Hogg Foundation. King Davis recently served as the executive director of the Hogg Foundation for Mental Health at the University of Texas at Austin. Davis, a Robert Lee Sutherland Chair in Mental Health and Social Policy in the University’s School of Social Work, noted that the Hogg Foundation is one of about five foundations in the country that focuses exclusively on improving mental health treatment. Grant totals vary between $3 million to $11 million annually, Davis said.
He said that the social work profession and social workers were well involved with philanthropy groups at the turn of the 20th century — so it makes sense that such a positive partnership continues today.
“Social workers are ideally suited for leading philanthropic organizations because of their combination of social justice and human interest and the desire for uplifting others,” King said. “That’s the essence of philanthropy.”
Bristol-Myers Squibb Foundation
Among the largest foundations in the U.S. is the Bristol-Myers Squibb Foundation, which works to help reduce health disparities by strengthening community based health care capacity, integrating medical care and community based support services and mobilizing communities in the fight against disease. The Bristol-Myers Squibb Foundation has a global perspective to reduce health disparities that targets issues in specific regions, said social worker and Bristol-Myers Squibb Foundation President John Damonti.
Like other social workers interviewed for this story, Damonti said he became involved in the philanthropy sector by chance. He was originally planning a career in employee assistance programs, but his college field placement study led him to work at a foundation. From that experience, Damonti said he realized he could have a greater influence as a social worker by working as an insider at a charity. “I realized I had the ability to impact thousands of lives rather than one at a time,” he said. “It’s very gratifying to be at this level and, in the end, I can still look around at what we’re doing and see how it impacts the individual.”
The Bristol-Myers Squibb Foundation donates around $60 million annually to support:
- disease education and vaccination efforts in Asia to treat hepatitis;
- the development of new approaches to improve access to cancer education, treatment and prevention in Central and Eastern Europe; and
- improvements in serious mental health treatment in the United States.
The foundation’s landmark initiative, Secure the Future, created the first corporate investment of its scale and scope to respond to HIV/AIDS in Africa. The foundation started that initiative in 1999 and along with Bristol-Myers Squibb have so far donated $150 million to the effort.
The foundation and NASW teamed up to create the Cancer Awareness Training Series in 2007. A grant from the foundation enabled NASW and CancerCare to train social workers across the country about basic and advance cancer care counseling and intervention methods.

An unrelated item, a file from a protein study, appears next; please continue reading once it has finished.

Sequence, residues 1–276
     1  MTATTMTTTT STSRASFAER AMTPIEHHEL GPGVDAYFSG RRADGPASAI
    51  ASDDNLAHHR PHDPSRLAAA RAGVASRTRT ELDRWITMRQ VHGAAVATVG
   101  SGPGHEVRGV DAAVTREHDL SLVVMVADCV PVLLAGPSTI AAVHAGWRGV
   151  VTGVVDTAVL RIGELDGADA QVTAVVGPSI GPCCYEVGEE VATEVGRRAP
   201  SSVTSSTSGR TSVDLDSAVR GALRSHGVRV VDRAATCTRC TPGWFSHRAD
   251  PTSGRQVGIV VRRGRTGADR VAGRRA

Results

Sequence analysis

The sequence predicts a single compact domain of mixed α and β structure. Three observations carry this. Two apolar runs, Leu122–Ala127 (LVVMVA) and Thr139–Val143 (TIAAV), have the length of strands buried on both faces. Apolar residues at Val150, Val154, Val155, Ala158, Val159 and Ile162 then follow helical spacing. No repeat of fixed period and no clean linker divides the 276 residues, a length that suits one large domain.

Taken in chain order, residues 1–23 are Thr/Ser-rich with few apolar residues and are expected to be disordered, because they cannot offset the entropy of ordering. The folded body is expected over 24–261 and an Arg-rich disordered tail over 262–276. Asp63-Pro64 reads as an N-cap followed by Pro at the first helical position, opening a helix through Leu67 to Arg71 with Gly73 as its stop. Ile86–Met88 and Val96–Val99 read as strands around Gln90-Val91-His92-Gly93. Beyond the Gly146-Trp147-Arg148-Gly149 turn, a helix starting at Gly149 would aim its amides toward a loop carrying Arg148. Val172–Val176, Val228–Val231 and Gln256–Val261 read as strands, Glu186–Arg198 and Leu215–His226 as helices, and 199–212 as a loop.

Damonti said social workers have the training and skills that can benefit a foundation’s efforts to help others. “Social workers have practical experience and one of the best training grounds for foundations,” he said. “I think social workers bring to the table the concept of helping the whole community and that’s a powerful concept. If you’re able to bring in the right partners to optimize the most impact you can have in addressing a problem, it can be a powerful tool.”
W.T. Grant Foundation. Paula Allen-Meares has been dean of the School of Social Work at the University of Michigan since 1993 and was the Norma Radin Collegiate Professor of Social Work and professor of education at that university. She was recently appointed Chancellor of the University of Illinois at Chicago. Allen-Meares served as a board trustee of the W.T. Grant Foundation, which supports research that furthers the understanding of human behavior and focuses primarily on improving the lives of people ages 8 to 25 in the U.S.
“The overriding mission of the W.T. Grant Foundation is important to me as both a social work researcher with a background in school social work, as well as a citizen,” Allen-Meares said. The mission of the W.T. Grant Foundation was consistent with the values and perspectives of social work, she added. “I appreciate their emphasis on and attention to youth services.
“I think the important part social workers can play in this is to share their concepts of how the social work perspective can benefit not only the foundation, but the end-user as well,” she said.
“I was pleased to have a part in shaping the future of the foundation and being one of many on a team that was also forward looking in this regard,” she said.
Social workers may find working in philanthropy a rewarding challenge, she noted.
“Foundations tend to be more nimble than federal funding sources,” Allen-Meares said. The people who serve on foundation boards and their staff tend to embrace new ways of thinking and inventing new intellectual opportunities, she said.